Waters less unruly than unsettled

Back in the game for blogging! I had to take some time off to finish up the book on water rights and adjudications in New Mexico and that is now submitted to a press to be named later (don't want to count the chickens before...yeah). The book examines what we gain by tracking what water rights adjudications did to neighborly relations, in uncovering old wounds, and producing new water anxieties across the state. I'll be teasing this out over the next year or two as the book is produced and then released.

For me, it's a relief that the first submission version is done and in. It almost did me in! There is something anti-climactic about working in the field, archives, and in the literature of water for 10 years and simply hitting the "send" button on e-mail to submit. I still remember having to send physical (and multiple) copies on paper for the first book.

It's been a warm-ish winter and an unstable spring, with some unpredictable late winter-like storms on t…
It's been too long, far too long. How do I know? Because someone umm...err...let's say "borrowed" the title of my blog and would-be book. So I'm moving on to another 'trope' since a) it's been too long for me to pretend this is an active blog and b) someone moved in on this name of unruly waters. Oh well, live and learn...
At least we're having a great El NiƱo year now... to more rain. Cheers, see you downstream.

A short radio/news story on acequias of New Mexico (H2O radio)

Back in February I spoke with two lovely people behind H2O radio, Jamie and Frani. H2O radio is a new program that is focusing, surprise-surprise, on water issues. They wanted to write about the acequias of New Mexico and southern Colorado. I talked to them for a while, and then suggested many, many people they should talk to - here are the results. I hope that I have at least honored what I have learned from the people who have taught me so much since I started this work 7-8 years ago. Enjoy...

Spring updates, Hydraulic Colorado

I chose to create a thematic focus of Hydraulic Colorado, for my usual Southwest Studies 272 Nature, Region, and Society of the Southwest course. Part of the motivation was to certainly force myself to explore more of the contrasts and parallels between Colorado and New Mexico water management, law, and allocation procedures. But given that it is a writing intensive class this year, I had to find a way to keep it "local" and manageable so that drafts could be developed without struggling to write on laptops and find WiFi on the road as we usually do.

Day trips were the solution. Some visits included a stop at the Pueblo Reservoir, with the ever-helpful Colorado Springs Utilities folks (thanks Allison!) and their overview of the Southern Delivery System, you can see the outlet on the lower part of Pueblo Dam in the second photo, a new pipeline project to move CSU water rights out of the Arkansas River up to the Springs. It's a massive retro-fitting project, much like what …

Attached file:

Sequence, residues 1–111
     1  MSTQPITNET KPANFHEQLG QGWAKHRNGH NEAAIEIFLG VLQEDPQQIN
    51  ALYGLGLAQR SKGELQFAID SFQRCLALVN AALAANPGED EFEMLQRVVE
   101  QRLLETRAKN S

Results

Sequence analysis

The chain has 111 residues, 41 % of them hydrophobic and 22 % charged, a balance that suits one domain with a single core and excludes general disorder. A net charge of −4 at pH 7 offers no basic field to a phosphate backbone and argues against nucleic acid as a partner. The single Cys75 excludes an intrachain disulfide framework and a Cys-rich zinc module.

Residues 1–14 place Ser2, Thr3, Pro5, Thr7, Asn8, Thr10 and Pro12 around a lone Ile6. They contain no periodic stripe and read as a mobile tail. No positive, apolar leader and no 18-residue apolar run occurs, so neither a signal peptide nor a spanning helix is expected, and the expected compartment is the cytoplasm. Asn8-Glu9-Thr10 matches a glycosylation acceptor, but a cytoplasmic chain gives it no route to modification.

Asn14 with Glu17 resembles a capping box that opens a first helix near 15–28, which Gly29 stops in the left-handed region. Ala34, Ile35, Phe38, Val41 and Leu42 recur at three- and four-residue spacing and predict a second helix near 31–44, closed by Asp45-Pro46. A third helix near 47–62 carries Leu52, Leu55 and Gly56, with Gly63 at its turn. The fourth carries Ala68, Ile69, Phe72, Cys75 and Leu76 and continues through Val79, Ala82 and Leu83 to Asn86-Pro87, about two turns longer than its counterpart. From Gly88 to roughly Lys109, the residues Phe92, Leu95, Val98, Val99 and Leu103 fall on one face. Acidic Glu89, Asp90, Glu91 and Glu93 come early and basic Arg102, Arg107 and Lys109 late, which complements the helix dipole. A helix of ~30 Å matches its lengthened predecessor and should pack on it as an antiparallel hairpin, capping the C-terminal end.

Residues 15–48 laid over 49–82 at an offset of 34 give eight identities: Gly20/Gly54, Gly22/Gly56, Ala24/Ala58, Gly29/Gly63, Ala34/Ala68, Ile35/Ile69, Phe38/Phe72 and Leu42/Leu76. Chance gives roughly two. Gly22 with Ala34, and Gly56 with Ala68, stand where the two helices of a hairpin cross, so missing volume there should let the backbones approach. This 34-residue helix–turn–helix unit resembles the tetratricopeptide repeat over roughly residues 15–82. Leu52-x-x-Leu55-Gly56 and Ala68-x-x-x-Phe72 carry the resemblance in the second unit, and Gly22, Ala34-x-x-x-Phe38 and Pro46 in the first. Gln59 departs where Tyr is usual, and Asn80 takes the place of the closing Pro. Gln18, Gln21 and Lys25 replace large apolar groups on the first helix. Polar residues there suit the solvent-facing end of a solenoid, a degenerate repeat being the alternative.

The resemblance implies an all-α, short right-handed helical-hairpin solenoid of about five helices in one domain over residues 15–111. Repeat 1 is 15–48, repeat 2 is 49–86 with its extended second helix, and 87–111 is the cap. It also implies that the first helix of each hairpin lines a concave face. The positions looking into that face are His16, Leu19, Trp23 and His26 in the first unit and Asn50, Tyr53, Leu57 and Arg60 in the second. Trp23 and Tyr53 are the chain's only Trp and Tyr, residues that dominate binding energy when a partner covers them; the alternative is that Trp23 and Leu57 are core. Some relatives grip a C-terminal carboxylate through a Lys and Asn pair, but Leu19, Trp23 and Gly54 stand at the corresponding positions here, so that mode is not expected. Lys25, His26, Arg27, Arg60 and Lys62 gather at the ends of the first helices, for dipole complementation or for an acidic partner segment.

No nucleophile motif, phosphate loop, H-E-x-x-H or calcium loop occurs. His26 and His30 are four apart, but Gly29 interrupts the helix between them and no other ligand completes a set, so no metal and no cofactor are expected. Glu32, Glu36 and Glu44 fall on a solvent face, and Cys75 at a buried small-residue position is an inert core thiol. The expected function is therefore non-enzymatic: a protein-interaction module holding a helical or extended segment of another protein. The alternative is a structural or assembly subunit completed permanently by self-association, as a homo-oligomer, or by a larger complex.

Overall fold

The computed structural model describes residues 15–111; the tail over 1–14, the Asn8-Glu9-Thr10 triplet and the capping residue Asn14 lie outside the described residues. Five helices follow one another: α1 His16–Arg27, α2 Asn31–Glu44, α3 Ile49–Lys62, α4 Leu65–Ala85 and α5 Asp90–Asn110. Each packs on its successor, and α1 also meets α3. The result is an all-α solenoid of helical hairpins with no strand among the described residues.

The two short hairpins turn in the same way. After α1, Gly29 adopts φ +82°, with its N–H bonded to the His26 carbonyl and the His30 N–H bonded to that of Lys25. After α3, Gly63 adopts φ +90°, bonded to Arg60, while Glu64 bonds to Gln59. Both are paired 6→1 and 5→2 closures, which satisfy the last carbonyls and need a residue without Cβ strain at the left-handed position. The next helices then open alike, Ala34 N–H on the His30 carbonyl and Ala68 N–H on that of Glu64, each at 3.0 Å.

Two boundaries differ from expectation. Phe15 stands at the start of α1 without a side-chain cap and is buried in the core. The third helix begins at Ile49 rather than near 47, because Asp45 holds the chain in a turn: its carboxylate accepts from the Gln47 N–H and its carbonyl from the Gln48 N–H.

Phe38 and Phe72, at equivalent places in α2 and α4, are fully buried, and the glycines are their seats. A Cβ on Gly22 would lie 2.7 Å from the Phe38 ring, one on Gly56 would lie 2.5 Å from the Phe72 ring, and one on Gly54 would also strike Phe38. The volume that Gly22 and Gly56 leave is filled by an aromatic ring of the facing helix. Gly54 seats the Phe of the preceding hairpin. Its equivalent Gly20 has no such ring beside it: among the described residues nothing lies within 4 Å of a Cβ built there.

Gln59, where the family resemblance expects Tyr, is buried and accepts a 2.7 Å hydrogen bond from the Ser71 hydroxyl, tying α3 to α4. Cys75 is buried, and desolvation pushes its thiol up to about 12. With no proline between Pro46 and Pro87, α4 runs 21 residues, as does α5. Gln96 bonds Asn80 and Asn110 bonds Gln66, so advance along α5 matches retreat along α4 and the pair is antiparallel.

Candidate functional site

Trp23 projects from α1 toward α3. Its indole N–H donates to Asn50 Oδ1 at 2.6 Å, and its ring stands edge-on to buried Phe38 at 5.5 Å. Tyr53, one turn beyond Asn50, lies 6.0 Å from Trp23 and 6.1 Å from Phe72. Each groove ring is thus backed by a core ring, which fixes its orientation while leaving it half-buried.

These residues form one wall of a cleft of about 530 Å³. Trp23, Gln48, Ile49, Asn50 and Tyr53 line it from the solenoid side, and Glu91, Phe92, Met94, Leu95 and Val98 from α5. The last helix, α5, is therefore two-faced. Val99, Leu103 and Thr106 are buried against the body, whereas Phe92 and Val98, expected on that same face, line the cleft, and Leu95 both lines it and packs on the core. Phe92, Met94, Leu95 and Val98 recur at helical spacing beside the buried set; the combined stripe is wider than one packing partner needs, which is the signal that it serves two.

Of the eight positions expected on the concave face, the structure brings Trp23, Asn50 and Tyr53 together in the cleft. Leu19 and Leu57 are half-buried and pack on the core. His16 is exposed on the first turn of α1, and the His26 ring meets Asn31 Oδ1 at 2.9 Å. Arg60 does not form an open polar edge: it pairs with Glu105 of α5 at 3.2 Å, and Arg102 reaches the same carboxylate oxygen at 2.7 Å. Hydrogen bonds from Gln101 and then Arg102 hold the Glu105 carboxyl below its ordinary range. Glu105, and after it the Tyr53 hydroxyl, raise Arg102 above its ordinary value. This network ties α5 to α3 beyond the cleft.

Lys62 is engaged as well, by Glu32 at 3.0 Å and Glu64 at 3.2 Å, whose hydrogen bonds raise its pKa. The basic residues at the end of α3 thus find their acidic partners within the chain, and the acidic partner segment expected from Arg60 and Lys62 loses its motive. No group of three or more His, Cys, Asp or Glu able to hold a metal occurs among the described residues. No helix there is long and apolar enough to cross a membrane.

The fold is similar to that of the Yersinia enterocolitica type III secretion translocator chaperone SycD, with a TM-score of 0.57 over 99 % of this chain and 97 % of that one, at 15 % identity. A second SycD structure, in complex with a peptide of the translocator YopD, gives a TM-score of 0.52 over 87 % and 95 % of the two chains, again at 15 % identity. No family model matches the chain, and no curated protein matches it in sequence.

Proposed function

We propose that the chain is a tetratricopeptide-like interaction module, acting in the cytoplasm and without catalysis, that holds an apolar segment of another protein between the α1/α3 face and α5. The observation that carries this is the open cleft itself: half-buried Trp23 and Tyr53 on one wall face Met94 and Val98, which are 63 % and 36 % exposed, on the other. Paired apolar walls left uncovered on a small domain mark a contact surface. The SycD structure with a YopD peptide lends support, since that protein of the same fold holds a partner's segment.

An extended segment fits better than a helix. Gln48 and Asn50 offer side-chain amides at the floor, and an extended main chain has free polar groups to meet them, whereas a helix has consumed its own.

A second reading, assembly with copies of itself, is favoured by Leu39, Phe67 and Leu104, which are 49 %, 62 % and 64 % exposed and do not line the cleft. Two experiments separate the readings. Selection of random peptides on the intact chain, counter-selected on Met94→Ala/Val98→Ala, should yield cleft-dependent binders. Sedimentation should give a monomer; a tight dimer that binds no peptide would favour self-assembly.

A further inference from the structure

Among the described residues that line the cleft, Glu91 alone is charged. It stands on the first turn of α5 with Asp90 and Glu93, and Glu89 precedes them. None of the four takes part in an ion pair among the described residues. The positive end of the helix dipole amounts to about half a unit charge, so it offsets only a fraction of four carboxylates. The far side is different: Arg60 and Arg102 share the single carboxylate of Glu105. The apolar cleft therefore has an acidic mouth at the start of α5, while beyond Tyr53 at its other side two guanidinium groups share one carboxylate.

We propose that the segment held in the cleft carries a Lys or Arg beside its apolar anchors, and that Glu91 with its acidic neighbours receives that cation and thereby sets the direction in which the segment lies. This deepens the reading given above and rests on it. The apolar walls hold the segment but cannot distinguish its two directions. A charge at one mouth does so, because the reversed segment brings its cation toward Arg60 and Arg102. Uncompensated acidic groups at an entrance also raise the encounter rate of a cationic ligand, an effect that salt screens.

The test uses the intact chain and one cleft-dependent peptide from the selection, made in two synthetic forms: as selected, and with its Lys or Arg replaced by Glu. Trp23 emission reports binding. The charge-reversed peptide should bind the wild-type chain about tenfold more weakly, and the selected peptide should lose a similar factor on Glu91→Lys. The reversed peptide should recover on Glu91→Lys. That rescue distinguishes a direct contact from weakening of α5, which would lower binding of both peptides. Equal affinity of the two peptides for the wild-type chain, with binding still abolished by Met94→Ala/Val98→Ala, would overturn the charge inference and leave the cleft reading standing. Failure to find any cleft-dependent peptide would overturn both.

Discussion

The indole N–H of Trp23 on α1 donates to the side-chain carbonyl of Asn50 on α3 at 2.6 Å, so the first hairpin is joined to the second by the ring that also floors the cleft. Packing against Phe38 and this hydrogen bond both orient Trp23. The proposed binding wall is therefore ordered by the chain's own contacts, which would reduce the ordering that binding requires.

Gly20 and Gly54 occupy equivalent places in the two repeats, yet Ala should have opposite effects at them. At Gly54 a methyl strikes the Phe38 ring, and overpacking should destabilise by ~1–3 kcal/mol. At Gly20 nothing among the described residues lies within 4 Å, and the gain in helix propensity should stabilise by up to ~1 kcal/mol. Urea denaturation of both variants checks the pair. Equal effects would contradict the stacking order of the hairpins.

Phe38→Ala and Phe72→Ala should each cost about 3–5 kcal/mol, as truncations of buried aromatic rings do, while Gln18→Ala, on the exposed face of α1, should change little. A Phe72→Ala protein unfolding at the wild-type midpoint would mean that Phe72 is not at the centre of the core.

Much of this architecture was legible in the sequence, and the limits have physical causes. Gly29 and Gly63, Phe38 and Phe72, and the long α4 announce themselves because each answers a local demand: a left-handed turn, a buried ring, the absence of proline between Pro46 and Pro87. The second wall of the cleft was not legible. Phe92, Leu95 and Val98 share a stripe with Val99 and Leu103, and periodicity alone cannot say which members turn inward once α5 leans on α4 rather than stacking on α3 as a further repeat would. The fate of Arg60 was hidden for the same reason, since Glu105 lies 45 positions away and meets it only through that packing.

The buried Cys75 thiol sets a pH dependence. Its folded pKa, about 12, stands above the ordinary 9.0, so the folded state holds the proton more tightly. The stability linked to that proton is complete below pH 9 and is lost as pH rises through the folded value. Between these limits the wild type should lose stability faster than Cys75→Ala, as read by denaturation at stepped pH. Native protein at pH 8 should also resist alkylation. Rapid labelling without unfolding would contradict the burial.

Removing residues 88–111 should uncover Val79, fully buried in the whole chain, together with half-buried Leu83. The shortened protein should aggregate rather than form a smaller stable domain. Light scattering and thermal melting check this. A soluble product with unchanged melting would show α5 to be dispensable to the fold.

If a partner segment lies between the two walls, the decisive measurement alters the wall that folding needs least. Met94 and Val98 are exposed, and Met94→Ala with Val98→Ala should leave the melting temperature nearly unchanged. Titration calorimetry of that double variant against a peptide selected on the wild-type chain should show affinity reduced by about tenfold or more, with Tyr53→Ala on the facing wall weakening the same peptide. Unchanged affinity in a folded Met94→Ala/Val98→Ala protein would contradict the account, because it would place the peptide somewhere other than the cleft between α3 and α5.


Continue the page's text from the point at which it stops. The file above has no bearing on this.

My private Idaho adjudication?

For those of you who track water adjudications, one of the more interesting ones has been in Idaho. That state has nearly completed the Snake River adjudications much to everyone else's surprise. These are handled a bit differently, obviously, from the New Mexican cases I'm more familiar with, but still - there are lessons to be learned from this approach, I think. What could NM do to speed things up? Certainly the use of geotechnologies has picked up the pace of doing the technical work - but adjudication is not just a mapping problem, it's a legal challenge, and a political morass. More on this matter later, for now, here's the full story link.

2014 - another year of drought?

Grim news from the long-term NOAA forecast for New Mexico and much of the Southwest: it doesn't look good, folks. Another year of water sharing and shortages. We'll be, perhaps, luckier in Colorado only because our Fourteeners (mountains higher than 14000 ft) intercept more Pacific moisture that gives us our snowpack. But it's not likely that 2014 will snap the long-term drought plaguing New Mexico. More later, but for more on the details, see John Fleck's excellent write-up and some of the NOAA probability maps here:

September 2014: Hindsight update: ENSO kicked in at the right moments this summer of 2014 and has reverted most of the extreme drought situation in New Mexico. The recent hurricane Odile rains have also helped significantly as well, even if too much water soaked into southern New Mexico.
Another humbling reminder that forecasts can be useful, but completely wrong. Reservoir…

An unruly summer of 2013 (updated)

It's been a busy year and I have had little time to update, much less maintain, this little water blog on most-things-New Mexico-but-not-all. In the 8 months, much has changed in terms of lawsuits, roadblocks in the large adjudication cases in the state of New Mexico (like the Lower Rio Grande, aka the large dry colon serving sand, sediment, and scarcely much water into Texas). And yet, other aspects seem hauntingly familiar of 2012: fires, and the post-fire flooding across regions of Colorado and New Mexico. Let's lead with the larger context, drought and record or near-record low levels in the Colorado River and the Rio Grande. And this is Forbes magazine, mind you, talking about how to responsibly 'price' water in the Southwest.

The Lower Rio Grande adjudication is dragging one, lurching, even as the water itself (or "wet water" as engineers hilariously call it) is drying up. While some of the stream system issues are starting to look vaguely settled, the…